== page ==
Many doctor’s point to environmental and genetic factors as probable causes for Alzheimer’s Disease
“People think it’s a terrible tragedy when somebody has Alzheimer’s. But in my mother’s case, it’s different. My mother has been unhappy all her life. For the first time in her life, she’s happy.” These thoughts of noted American writer Amy Tan, whose mother was diagnosed of Alzheimer’s, aptly underlines the need to have a positive attitude to the disease.
On the occasion of World Alzheimer’s Day on Friday, neurologists maintain that living a fun-filled and fulfilling life with friends and family and avoiding stress in midlife are the best bets to prevent Alzheimer’s Disease (AD). The exact reasons for Alzheimer’s are yet to be fully understood and many doctor’s point to environmental and genetic factors as the probable causes for it.
“Alzheimer’s directly impacts the brain tissues, causing dementia or memory loss. Sometimes, such persons are unable to judge, function and behave normally. The ailment can be managed if care givers and patients follow guidelines of neurologists properly,” says HOD, Neurology, Yashoda Hospitals, Jaydeep Ray Choudhary.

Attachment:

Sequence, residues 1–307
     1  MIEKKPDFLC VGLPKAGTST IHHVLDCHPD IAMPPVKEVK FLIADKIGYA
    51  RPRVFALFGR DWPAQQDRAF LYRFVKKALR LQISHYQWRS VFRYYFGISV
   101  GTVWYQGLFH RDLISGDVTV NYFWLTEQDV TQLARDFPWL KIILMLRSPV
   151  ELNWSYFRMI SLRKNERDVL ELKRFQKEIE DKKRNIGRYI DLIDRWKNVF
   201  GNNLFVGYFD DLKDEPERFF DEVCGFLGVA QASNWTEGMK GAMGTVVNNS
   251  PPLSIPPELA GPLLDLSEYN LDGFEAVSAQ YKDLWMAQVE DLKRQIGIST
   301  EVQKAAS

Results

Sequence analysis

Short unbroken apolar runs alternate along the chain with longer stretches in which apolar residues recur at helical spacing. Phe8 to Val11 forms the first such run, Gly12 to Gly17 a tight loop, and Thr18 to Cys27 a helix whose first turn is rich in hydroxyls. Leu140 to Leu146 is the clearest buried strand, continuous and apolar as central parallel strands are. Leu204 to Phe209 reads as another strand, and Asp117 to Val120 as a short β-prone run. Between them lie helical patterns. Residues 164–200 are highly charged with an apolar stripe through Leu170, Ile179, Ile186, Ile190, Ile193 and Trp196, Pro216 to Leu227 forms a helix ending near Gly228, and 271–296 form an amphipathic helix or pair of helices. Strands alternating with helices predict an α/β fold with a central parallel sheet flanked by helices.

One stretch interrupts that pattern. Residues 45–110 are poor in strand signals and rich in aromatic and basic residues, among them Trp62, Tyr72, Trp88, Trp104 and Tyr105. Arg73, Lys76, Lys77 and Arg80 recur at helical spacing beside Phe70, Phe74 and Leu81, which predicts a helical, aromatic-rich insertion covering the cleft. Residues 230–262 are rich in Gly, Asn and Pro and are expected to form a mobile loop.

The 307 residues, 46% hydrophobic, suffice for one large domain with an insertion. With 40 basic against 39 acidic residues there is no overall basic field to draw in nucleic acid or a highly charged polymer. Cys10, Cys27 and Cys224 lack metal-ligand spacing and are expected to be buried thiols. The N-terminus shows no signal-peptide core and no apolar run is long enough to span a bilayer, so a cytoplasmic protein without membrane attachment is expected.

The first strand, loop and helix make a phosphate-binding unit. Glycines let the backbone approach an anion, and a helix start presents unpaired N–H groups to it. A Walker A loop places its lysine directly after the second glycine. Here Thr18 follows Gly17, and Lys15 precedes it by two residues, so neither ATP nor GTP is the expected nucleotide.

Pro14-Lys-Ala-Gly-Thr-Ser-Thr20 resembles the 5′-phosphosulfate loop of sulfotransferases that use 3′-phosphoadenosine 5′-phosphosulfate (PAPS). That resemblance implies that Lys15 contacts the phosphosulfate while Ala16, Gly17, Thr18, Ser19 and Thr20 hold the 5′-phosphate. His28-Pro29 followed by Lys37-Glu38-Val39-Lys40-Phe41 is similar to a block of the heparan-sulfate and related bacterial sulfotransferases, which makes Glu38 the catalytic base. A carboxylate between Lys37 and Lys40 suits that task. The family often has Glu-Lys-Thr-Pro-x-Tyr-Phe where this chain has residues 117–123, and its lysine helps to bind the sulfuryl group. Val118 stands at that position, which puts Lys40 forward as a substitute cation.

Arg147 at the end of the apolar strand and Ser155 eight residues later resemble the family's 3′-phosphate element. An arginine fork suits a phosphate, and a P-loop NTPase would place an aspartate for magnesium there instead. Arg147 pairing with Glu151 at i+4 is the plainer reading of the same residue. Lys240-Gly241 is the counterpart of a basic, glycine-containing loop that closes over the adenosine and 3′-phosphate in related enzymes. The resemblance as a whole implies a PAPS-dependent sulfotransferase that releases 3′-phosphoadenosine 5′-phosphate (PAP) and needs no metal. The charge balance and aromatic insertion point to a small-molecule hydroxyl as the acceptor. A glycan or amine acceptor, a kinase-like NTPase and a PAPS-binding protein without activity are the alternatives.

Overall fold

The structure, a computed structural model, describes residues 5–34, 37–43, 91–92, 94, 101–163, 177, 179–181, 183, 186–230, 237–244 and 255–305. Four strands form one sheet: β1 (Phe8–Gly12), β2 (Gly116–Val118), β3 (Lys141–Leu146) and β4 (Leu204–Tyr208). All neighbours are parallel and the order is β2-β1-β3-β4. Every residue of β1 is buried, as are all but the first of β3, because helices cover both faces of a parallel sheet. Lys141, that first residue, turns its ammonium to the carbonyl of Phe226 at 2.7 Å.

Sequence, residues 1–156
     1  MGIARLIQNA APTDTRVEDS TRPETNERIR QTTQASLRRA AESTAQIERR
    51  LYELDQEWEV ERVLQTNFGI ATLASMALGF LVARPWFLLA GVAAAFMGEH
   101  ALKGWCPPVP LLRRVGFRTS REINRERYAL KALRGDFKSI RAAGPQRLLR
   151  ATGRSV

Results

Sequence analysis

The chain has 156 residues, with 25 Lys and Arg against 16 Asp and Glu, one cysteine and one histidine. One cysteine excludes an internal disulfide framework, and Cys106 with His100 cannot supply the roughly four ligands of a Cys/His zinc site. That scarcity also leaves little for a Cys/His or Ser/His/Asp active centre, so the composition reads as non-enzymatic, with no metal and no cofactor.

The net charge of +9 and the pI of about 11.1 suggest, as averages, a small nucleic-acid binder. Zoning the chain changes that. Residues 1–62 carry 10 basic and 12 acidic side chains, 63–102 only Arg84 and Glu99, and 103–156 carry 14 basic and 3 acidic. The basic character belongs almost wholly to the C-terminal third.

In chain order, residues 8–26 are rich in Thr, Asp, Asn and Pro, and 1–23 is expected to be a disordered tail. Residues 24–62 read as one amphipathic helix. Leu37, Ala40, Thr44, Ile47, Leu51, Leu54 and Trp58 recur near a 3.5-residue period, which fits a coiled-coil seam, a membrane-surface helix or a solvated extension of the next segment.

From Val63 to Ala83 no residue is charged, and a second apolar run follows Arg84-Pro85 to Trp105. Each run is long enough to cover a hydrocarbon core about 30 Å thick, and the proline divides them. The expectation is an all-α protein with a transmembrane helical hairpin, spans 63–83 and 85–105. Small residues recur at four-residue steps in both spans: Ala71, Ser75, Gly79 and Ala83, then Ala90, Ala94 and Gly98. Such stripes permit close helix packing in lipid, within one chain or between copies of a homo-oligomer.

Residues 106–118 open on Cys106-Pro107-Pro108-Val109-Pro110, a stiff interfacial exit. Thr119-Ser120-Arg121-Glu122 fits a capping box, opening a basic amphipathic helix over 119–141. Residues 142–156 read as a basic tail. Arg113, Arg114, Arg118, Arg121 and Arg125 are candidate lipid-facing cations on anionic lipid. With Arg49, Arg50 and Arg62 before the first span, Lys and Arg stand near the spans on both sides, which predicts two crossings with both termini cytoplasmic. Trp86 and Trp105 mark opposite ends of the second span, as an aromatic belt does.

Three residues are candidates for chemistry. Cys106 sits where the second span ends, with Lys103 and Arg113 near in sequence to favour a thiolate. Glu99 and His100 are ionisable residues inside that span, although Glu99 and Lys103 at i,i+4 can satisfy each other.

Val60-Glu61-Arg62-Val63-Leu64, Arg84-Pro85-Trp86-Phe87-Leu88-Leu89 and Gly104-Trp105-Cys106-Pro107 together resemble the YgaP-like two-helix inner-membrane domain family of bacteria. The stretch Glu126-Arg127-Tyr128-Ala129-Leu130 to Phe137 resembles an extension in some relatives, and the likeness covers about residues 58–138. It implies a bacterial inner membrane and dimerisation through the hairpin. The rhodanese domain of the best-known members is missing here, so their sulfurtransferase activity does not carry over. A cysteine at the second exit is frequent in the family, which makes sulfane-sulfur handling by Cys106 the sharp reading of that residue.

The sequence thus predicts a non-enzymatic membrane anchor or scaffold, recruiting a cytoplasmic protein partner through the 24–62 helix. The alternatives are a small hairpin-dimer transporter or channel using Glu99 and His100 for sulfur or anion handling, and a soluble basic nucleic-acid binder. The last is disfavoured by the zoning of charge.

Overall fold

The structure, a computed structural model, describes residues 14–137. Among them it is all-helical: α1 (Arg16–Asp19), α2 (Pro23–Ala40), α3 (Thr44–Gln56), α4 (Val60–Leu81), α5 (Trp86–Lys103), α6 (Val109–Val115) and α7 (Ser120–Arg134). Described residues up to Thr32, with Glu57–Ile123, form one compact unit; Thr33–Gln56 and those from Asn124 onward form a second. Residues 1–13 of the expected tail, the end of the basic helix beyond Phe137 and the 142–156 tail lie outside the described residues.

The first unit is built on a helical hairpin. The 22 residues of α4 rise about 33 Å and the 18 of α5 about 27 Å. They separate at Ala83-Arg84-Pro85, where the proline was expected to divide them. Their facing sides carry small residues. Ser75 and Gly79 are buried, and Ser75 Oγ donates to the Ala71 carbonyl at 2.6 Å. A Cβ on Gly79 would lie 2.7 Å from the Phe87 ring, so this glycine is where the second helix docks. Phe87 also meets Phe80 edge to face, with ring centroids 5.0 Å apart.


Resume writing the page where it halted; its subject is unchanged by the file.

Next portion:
Public often tend to mix up dementia with AD. Physicians point out that dementia or memory loss can be due to many reasons and Alzheimer’s happens to be one of the reasons that causes dementia.
“In a decade, AD will become a leading ailment that will put a high burden on the family and the society. Treatment and rehabilitation is a complex process and guidance is necessary. Medicines are available to delay the progression of AD and not to cure it,” Dr. Choudhary points out.
Some of the precautionary measures for the ailment include avoiding or controlling risk factors like hypertension, diabetes, stroke and high stress in midlife. “AD is very common among persons who are above 40 years of age.
So, it is always better that middle aged persons avoid stressful lifestyle and make sure that they keep their mental and physical faculties alert by taking up regular activities,” HOD, Neurology, Nizam’s Institute of Medical Sciences (NIMS), A. K. Meena said.
AD is characterised by memory loss and patients progressively become dependant on others for day to day activities like using toilets, bathing, eating, dressing among other things.